Star gazer to visit Balclutha to inspire future scientists

Stars and planets in the southern skies of New Zeland.

Stars and planets in the southern skies of New Zeland.

Is anybody out there?

That's an age-old question with a modern twist that a visiting scientist will discuss with South Otago people when he gives a talk at Balclutha next week.

Balclutha Rotary Club is hosting Dr Eyal Schwartz, a young researcher at the University of Otago physics department, the Dodd-Walls Centre for Photonic and Quantum Technologies, in Dunedin.

He will be speaking at the South Otago Town & Country Club at 7pm on Thursday.

Aurora Australis: In search of the Southern Lights 

Schwartz specialises in hunting the night skies for extra-solar planets.

This will be the second time in two years that the rotary club has hosted a science professional, with a view to promoting educational programmes in the community, to support youth initiatives that encourage interest in higher education and the sciences.

Guest speaker Schwartz has a diverse research background in physics. He completed a masters degree in fluid mechanics and a PhD in astronomy and astrophysics.

At the moment, his field of research interest is fundamental quantum mechanics and cold atoms, where he is manipulating single atoms to understand basic phenomena in the building blocks of the universe.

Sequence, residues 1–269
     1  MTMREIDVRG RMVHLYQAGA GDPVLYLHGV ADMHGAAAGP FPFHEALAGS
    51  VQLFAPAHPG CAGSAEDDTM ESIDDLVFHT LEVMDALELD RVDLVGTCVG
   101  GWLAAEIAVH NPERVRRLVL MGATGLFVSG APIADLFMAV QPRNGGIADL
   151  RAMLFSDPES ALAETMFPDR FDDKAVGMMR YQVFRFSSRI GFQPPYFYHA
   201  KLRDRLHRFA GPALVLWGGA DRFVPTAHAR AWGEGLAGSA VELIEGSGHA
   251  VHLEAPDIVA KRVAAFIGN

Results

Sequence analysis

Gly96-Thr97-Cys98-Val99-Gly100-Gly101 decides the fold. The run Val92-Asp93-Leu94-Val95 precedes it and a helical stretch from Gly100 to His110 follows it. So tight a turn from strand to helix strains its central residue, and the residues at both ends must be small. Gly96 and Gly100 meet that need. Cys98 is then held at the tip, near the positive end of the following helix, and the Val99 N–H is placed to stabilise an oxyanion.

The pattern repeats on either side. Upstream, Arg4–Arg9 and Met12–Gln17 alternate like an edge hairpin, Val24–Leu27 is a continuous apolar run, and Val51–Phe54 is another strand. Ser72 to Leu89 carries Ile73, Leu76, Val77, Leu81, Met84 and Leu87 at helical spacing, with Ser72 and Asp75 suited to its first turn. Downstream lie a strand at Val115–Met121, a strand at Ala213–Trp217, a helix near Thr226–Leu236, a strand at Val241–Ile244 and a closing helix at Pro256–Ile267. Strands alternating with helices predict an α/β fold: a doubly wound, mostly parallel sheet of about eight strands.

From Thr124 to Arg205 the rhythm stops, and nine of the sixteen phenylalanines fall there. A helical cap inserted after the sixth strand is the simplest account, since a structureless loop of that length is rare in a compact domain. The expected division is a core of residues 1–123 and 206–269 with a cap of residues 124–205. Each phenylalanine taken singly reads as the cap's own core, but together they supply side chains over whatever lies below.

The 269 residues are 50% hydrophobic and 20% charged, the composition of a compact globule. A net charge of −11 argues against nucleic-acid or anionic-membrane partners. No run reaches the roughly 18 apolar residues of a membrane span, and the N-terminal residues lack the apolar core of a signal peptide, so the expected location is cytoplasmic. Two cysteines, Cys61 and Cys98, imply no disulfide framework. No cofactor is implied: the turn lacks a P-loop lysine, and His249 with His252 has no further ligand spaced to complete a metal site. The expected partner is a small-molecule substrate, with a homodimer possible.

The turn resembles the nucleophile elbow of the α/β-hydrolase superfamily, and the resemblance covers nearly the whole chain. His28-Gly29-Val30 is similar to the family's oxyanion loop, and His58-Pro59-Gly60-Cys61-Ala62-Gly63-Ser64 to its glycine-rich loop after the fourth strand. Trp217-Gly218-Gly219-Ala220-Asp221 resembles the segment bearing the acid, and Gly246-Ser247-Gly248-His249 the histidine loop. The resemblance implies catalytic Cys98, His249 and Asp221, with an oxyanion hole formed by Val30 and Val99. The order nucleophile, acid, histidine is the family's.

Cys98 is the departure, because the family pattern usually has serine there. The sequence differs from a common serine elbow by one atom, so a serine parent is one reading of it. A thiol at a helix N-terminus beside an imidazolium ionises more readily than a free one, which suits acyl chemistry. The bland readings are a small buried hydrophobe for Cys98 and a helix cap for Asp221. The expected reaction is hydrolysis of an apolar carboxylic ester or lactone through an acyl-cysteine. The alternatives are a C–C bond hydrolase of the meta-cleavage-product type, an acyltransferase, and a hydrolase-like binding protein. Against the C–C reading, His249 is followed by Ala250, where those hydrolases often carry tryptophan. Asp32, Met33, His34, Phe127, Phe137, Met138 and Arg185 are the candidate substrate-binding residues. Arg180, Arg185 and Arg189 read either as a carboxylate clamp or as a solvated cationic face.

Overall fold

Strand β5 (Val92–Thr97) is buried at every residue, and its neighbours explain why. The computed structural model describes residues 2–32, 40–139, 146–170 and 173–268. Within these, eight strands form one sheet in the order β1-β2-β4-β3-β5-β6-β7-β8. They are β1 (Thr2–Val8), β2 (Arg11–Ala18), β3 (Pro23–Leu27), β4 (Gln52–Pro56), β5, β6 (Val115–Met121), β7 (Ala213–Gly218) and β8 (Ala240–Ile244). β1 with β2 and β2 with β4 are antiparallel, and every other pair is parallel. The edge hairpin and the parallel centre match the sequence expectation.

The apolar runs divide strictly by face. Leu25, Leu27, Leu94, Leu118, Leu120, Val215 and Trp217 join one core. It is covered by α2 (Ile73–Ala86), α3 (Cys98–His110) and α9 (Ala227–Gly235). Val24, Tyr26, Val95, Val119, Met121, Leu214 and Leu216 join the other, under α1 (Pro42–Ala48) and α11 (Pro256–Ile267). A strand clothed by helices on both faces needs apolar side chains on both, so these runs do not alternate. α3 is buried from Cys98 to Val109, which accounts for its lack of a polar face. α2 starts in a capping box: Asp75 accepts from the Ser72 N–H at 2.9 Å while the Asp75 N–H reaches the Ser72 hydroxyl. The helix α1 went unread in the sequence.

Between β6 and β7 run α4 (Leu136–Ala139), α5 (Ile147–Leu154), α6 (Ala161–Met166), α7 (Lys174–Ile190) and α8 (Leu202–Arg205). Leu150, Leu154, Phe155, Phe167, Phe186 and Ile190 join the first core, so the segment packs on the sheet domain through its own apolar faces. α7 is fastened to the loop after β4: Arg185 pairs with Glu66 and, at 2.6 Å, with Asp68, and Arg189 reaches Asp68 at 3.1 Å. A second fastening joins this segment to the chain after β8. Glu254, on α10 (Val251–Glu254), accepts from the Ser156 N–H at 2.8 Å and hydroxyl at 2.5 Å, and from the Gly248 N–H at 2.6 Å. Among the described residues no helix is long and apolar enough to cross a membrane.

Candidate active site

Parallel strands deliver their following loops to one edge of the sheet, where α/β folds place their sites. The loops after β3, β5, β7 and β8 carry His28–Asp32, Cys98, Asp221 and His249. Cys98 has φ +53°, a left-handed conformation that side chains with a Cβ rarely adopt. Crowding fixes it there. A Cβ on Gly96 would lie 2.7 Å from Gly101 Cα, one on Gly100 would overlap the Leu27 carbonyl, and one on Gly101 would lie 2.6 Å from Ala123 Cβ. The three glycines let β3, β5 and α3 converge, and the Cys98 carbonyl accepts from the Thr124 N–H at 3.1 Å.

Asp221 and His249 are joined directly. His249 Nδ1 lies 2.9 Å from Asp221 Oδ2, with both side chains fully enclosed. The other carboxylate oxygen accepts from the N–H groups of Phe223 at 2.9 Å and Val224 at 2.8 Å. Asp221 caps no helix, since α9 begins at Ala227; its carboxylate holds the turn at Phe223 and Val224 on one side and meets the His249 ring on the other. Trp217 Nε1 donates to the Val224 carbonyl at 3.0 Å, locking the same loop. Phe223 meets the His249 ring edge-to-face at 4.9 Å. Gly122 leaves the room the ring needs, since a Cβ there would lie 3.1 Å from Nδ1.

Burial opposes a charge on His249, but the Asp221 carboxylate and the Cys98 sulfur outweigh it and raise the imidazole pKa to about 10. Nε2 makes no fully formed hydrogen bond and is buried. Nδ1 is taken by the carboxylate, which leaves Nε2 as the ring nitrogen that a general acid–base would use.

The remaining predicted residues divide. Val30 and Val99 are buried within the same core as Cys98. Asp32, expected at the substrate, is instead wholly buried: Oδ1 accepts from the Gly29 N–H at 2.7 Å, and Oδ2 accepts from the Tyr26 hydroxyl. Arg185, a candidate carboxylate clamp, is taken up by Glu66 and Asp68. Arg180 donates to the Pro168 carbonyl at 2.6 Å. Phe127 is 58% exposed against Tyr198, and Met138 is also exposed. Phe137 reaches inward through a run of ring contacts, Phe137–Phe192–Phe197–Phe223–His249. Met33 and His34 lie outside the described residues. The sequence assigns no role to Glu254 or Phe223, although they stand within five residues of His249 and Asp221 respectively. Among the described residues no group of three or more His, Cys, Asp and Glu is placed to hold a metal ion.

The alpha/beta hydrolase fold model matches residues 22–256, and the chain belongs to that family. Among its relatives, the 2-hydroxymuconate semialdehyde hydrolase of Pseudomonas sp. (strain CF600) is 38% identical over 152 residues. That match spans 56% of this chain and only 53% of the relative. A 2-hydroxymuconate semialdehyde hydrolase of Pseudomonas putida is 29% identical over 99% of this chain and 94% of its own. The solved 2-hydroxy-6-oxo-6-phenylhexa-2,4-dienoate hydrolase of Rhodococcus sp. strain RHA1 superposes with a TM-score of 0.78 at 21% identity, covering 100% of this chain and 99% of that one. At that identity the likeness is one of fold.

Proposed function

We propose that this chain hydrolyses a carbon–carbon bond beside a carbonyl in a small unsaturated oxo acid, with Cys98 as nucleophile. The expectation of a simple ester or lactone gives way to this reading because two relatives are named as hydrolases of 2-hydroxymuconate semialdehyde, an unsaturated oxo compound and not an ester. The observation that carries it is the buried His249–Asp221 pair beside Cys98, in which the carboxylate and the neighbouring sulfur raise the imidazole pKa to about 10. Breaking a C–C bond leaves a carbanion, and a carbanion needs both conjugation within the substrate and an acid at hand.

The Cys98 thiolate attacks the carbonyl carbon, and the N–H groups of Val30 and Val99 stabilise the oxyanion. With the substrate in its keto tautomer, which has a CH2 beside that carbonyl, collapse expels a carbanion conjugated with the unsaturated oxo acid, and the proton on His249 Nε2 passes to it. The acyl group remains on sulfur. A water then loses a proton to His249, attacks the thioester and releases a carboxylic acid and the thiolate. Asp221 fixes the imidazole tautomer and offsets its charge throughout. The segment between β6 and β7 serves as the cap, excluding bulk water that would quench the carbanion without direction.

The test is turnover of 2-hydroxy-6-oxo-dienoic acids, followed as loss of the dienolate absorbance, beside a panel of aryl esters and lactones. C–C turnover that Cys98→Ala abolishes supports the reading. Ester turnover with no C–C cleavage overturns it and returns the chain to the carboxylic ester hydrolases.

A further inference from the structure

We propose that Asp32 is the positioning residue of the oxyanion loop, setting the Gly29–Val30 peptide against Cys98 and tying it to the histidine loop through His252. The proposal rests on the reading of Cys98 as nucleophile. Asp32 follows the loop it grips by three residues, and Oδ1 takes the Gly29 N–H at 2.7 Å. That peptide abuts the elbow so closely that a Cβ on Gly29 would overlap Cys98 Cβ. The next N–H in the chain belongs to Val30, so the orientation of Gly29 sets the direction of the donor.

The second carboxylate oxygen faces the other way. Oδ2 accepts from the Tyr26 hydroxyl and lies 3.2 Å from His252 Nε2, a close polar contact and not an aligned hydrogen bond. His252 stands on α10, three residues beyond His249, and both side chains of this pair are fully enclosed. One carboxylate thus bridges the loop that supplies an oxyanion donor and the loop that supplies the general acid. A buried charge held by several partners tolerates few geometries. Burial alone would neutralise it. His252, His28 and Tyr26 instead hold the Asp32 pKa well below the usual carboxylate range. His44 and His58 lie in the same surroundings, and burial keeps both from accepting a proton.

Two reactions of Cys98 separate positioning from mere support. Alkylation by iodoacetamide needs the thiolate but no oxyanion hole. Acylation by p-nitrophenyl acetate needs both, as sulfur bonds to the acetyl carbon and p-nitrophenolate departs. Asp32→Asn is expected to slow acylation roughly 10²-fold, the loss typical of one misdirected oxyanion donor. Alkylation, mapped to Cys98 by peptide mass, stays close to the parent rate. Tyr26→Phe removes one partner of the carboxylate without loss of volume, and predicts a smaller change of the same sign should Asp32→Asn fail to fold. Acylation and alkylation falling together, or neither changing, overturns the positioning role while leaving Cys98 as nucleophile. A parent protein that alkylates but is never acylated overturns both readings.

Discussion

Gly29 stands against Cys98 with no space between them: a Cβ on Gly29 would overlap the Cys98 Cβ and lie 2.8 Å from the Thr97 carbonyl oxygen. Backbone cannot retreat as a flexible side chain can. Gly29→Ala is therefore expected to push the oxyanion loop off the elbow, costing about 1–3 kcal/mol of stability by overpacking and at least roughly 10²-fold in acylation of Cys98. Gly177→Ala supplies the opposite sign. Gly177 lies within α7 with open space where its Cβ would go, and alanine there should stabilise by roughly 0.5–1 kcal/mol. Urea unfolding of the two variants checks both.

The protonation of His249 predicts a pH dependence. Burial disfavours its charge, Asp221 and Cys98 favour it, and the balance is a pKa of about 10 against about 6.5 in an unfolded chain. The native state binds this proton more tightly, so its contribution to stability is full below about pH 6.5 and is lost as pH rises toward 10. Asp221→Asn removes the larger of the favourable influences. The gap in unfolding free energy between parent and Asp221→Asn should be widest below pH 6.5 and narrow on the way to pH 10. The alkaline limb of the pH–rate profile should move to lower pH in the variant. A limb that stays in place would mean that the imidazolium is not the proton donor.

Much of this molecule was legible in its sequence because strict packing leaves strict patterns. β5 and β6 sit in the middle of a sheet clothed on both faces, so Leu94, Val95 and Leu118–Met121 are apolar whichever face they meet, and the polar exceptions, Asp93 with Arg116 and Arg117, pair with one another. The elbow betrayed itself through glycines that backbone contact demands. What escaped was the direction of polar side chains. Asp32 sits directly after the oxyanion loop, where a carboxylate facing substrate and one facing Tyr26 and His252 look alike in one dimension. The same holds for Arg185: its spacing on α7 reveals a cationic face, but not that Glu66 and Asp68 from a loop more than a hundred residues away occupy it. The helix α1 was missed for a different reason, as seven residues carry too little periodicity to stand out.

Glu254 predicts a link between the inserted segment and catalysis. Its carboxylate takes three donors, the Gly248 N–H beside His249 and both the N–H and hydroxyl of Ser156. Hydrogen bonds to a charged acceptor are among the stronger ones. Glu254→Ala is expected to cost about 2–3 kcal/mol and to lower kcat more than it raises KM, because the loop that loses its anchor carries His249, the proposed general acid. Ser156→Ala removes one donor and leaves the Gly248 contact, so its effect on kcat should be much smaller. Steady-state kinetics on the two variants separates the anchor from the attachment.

In his talk, he aims to unveil the vastness of the cosmos, describing what can be seen with the naked eye, to images from the most powerful telescopes.

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The southern skies were ideal to star-gaze the cross, matariki, different nebulae and the solar planets, he said.

However, amongst them are mysterious hidden faint ones; other worlds that lie far beyond our solar system:

"Worlds that encompass our wildest imagination; earth-like planets in other solar systems around the galaxy are our ultimate goal on the way to understanding our own earth and life on it."

Schwartz will talk about discovering other planets, and just how hard that can be, the techniques and tools scientists use to track down habitable planets, and hopefully one day, signs of life.


 - Stuff

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